A former jazz singer who grew up in a Catskills hotel, she seems, in many ways, like Appel’s mirror opposite: It’s hard to imagine the two women were ever friends, let alone business partners. When I asked Appel about the split, she delivered an increasingly terse tirade about Torey’s business failings. “I ran the entire business. I gave her a paycheck. That was it.” In a later conversation, she reconsidered. “My ex-partner and I just disagreed. But there’s a genuine sadness on my part that this led to the dissolution of a friendship.” Torey is no more eager to dredge up the details. When I mention Buttercup’s franchising plans, though, she says somewhat wearily, “People do things for different reasons. A lot of people are very business-oriented. They just want to open more places and make more money, and that’s how they think. That’s just not me.”
Peggy Williams, Appel’s college roommate, left Magnolia along with Appel to work at Buttercup. But she wistfully recalls the early days of Magnolia. “That’s where we each fell in love with the concept and the product and how happy it seemed to make people. The whole atmosphere was very homey and laid-back. But it’s become such a big thing that, to me anyway, when I walk by there, I just feel sad. It’s become a scene. It’s become a destination in a guidebook.”
Torey doesn’t entirely disagree. If Appel is the Don Corleone of the cupcake boom, Torey sounds like Michael Corleone in The Godfather: Part III. “It was more fun before when it wasn’t so busy,” she says. “You can’t complain about success like this, of course. But it was really fun the first few years. It just had this really great vibe to it. It was so many regulars and neighborhood people hanging out. We still had time to make special desserts.”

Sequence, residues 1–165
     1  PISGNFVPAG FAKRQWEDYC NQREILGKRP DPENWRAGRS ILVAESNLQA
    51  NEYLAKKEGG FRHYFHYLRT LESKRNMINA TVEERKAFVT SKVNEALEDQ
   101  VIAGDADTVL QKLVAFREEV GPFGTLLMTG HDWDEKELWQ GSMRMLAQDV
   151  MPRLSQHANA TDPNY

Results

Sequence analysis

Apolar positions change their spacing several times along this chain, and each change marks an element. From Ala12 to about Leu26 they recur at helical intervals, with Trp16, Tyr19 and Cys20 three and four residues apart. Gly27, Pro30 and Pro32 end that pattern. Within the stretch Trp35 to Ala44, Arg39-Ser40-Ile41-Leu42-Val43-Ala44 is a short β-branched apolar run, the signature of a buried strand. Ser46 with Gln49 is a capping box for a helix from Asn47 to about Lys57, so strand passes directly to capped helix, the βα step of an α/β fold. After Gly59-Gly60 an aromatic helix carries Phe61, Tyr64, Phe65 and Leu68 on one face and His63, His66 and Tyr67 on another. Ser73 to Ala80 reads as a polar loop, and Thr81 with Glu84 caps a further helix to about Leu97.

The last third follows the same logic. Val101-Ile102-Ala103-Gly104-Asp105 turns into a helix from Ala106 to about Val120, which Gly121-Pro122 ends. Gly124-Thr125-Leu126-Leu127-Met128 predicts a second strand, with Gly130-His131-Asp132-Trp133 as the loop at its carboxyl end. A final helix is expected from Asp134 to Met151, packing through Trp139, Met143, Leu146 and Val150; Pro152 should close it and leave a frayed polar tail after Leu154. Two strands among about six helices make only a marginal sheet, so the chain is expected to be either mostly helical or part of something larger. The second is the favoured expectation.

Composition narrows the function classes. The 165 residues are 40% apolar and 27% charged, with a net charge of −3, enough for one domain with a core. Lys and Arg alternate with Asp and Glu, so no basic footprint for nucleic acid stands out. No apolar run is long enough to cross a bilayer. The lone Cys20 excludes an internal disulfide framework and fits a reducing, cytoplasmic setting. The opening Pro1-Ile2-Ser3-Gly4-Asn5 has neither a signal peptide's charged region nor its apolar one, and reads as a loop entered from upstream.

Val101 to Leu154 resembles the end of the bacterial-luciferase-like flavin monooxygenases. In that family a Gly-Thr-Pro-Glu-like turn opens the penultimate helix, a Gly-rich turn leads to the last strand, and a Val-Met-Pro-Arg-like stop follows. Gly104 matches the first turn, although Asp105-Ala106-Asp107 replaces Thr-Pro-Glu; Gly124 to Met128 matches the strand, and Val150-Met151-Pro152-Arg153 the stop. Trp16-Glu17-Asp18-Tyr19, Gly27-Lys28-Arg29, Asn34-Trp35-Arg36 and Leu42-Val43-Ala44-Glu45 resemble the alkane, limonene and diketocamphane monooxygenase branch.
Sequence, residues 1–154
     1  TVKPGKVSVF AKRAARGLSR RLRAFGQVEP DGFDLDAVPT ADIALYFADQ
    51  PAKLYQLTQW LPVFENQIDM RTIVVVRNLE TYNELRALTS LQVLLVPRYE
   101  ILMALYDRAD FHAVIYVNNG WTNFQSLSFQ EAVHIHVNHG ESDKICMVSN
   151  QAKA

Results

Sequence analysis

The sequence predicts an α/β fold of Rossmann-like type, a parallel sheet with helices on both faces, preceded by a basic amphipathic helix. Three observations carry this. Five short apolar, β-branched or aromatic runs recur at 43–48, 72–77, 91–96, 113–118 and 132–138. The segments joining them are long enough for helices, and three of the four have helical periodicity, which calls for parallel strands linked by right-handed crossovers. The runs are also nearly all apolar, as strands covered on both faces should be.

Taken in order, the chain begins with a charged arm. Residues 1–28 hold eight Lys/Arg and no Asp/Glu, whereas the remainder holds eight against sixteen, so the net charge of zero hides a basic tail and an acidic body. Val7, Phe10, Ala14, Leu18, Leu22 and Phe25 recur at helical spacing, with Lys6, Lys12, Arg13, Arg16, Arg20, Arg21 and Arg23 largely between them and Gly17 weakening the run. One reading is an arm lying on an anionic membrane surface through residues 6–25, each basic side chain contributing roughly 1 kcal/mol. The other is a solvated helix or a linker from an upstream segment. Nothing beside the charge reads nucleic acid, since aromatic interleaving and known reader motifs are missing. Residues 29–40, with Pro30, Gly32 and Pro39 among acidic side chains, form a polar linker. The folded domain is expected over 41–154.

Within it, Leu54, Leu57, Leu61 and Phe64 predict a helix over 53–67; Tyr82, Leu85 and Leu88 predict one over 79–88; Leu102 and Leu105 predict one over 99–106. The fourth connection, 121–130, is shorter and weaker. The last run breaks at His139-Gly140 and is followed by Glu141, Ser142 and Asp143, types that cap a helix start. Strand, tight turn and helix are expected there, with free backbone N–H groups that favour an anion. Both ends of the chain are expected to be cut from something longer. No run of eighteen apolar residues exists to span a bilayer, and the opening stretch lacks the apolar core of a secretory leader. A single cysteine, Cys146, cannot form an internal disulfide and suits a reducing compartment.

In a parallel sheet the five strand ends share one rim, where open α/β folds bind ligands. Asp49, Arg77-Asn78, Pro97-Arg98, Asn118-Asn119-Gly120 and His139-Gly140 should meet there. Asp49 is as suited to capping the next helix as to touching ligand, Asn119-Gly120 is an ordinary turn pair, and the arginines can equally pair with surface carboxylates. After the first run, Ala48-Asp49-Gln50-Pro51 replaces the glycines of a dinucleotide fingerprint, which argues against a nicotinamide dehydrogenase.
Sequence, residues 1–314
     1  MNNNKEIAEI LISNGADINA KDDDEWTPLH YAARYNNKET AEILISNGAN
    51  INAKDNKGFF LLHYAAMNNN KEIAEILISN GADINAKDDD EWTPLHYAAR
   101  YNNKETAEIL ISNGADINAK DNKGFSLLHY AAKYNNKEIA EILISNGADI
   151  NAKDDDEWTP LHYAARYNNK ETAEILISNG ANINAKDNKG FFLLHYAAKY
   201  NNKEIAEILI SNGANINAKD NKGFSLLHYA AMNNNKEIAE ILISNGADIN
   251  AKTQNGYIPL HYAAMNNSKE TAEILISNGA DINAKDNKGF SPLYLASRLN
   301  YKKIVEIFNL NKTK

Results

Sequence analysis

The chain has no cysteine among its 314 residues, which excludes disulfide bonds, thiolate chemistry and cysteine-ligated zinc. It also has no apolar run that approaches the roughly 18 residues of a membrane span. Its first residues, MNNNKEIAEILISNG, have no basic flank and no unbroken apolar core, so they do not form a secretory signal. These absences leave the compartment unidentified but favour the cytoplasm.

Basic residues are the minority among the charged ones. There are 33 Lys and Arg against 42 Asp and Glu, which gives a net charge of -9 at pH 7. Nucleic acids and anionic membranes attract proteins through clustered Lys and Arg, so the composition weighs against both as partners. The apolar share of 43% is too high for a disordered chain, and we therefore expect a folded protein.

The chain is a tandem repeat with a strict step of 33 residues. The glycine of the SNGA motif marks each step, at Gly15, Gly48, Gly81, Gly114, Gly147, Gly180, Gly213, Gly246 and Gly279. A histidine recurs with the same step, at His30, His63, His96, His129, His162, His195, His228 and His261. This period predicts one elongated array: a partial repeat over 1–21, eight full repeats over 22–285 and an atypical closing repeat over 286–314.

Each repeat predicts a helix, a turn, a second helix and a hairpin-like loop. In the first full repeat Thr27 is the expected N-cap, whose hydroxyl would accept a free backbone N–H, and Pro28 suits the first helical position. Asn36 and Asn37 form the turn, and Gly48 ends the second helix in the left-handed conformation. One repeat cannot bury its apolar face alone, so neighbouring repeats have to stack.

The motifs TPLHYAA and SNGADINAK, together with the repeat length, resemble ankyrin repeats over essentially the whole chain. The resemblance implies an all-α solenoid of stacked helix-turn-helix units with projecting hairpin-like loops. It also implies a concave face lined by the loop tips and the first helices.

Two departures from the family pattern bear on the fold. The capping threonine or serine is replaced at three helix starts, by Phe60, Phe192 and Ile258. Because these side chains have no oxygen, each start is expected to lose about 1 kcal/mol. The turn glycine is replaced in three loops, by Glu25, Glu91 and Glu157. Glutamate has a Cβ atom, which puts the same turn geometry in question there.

Both Magnolia and Buttercup have thrived, as have their various offshoots. But Torey and Appel haven’t spoken since their split. Williams, who’d worked as a manager at Buttercup, also had a falling-out with Appel. She then opened Sugar Sweet Sunshine on the Lower East Side with a friend of her own. “I thought, I can do this. As soon as I learned how to bake,” she says. So she dusted off a Betty Crocker cookbook, tried a few experiments—and consulted a lawyer to protect her from any legal action. “I was concerned, not really what Allysa’s reaction would be, but more so Jennifer,” she says. But she never heard anything from her longtime friend. “I certainly did not do this to get retribution or get back at anyone or steal anyone’s business. But the fact of the matter is that cupcakes are cupcakes,” she says. Then she adds, by way of further explanation, both for her own bakery and everything else, “I know the power of the cupcake.”